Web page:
Wednesday, May 9, 2012

Book lover./ Book. Lover.

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My kind of paradise. What's missing is some sheets, "one not necessarily very beautiful man or woman who loves you", and probably some macarons.

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And this is the little cloud that I live on. It's gonna sound so lame but seeing the collection of Jodi Picoult's work lined up so neatly on the shelves got me so thrilled that I had to take a picture of it.

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I wish I hadn't read this book yet - just so I could buy it. I almost did, but I managed to knock some sense into my head and remind myself that I don't print cash. Sylvia Plath is one of my favorite poets, and needless to say, The Bell Jar is one of my favorite books. I stood there flipping through the pages, glancing at familiar paragraph of words that I have once surrendered, and will always surrender, to. At that moment I was doleful, because she died at 30. And also because The Bell Jar was her only novel and I thought what a pity that is. I imagined many other compelling novels that she could have written and I already knew I would love every single one of them. And at that moment it struck me how selfish my thoughts are: it saddens me not solely because she died at a young age or what she was going through then, but also because my needs can't be satisfied. Then I thought a bit about how there's no such thing as altruism... I am not kidding. This is really how my thoughts meander and brake and jump every single day.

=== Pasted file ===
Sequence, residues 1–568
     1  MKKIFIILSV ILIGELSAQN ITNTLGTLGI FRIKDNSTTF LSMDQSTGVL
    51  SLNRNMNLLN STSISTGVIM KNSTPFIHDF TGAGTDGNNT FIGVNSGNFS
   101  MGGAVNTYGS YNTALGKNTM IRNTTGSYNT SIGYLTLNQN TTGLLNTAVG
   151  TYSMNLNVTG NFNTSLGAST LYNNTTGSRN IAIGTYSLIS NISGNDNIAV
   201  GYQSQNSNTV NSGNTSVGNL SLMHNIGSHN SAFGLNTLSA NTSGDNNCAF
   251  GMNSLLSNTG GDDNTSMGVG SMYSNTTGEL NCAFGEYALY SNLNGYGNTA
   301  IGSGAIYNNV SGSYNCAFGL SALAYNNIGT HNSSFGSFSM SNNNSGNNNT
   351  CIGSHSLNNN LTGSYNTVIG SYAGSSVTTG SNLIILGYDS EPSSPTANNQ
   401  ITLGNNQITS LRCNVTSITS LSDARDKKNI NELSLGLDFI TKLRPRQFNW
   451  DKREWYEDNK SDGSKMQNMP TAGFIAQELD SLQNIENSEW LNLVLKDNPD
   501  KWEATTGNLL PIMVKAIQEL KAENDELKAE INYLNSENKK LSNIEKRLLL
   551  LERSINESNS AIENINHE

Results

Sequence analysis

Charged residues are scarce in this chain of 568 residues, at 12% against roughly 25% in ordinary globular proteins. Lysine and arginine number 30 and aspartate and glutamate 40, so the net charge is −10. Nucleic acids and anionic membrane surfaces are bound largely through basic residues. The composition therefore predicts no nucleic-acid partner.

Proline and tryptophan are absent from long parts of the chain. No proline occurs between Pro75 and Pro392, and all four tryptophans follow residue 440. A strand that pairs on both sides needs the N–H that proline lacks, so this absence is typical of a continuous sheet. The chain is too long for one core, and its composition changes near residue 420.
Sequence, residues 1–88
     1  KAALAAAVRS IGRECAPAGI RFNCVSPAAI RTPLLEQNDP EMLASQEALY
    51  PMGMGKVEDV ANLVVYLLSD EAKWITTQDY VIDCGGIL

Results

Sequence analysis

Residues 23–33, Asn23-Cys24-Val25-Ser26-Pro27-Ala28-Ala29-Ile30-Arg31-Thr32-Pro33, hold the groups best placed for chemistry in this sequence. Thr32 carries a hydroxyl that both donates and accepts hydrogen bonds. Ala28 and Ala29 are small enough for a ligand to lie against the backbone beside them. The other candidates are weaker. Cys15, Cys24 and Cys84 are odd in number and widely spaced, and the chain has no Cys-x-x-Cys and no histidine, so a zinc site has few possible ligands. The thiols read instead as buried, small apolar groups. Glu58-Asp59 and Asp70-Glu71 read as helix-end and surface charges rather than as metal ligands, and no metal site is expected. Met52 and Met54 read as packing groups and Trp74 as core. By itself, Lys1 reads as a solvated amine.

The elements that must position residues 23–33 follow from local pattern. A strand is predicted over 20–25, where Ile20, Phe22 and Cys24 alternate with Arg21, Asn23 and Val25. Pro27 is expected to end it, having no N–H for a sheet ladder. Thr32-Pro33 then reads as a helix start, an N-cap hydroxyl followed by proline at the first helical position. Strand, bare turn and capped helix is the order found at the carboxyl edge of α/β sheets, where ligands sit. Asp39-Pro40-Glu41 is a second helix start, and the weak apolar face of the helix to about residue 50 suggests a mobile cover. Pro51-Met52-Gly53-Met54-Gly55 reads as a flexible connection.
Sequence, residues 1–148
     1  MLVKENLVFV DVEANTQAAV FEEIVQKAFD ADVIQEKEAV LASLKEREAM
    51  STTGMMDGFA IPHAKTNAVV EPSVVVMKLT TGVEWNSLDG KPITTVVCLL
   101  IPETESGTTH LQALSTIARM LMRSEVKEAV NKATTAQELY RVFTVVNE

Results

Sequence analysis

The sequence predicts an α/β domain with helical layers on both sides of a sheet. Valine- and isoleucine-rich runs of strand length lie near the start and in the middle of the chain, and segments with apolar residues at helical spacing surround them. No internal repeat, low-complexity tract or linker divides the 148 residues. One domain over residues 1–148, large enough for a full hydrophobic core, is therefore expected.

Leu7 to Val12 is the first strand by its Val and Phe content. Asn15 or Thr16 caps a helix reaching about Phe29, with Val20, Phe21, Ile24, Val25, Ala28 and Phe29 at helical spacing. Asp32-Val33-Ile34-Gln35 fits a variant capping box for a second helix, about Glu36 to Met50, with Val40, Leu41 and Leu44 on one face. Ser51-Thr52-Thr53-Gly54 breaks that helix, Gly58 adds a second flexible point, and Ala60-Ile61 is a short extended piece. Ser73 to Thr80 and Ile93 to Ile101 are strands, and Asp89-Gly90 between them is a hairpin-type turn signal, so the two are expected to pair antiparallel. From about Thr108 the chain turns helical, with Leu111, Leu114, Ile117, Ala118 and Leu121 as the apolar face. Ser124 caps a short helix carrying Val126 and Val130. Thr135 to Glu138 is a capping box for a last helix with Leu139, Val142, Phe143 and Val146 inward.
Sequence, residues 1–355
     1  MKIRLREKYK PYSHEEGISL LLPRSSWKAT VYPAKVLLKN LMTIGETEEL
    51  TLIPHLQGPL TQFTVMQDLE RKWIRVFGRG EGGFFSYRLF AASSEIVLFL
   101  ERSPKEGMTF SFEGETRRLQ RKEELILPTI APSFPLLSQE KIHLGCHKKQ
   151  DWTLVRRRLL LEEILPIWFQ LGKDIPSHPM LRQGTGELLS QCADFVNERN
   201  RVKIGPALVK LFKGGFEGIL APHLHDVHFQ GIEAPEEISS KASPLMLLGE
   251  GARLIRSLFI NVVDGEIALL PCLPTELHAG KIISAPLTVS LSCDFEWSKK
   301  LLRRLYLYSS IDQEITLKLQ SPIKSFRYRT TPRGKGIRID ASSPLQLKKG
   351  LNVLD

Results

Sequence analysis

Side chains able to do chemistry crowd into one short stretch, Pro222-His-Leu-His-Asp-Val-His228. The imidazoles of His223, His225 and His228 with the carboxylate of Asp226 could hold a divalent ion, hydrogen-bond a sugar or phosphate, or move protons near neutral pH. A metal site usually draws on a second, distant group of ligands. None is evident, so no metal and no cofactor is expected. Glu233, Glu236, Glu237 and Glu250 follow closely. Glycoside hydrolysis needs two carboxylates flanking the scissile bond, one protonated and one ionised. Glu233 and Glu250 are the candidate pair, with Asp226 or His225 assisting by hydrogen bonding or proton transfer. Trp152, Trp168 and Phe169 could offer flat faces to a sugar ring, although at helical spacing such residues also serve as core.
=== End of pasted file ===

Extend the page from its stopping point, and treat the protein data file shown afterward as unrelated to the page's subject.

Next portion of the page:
So I spent about 2 hours at Kino and told myself not to walk out without a good book. But I did, all because of my indecisiveness. I held Emily Brontë's Wuthering Heights, Charlotte Brontë's Jane Eyre , Milan Kundera's The Unbearable Lightness of Being, Haruki Murakami's Norwegian Wood, and Alice Sebold's The Lovely Bones. I just couldn't decide. Currently filled with regret.

My night is hereby empty.

I'm already done with Jodi Picoult's Lone Wolf and David Levithan's The Lover's Dictionary. I thought I could just make do with my pdf version of John Green's Looking for Alaska for the night. But y'know how holding a book in your hands always feels better. Reading from a good old fashioned paper book gives you this certain kind of warmth I can't describe. The only warmth you get from reading off a screen is basically just the heat generated from your laptop.

There are certain things that technology can't replace.

My night is hereby empty.

I am going to bed alone.



And I'm not just talking about the paper anymore.

2 comments:

Anonymous said...

This is completely random but I chanced upon your blog and I just wanted to say, The Lovely Bones by Alice Sebold is one of the most amazing books I have ever read. Please get it.

Kathleen said...

YESS!! I almost did! I will get it soon hehe thanks :D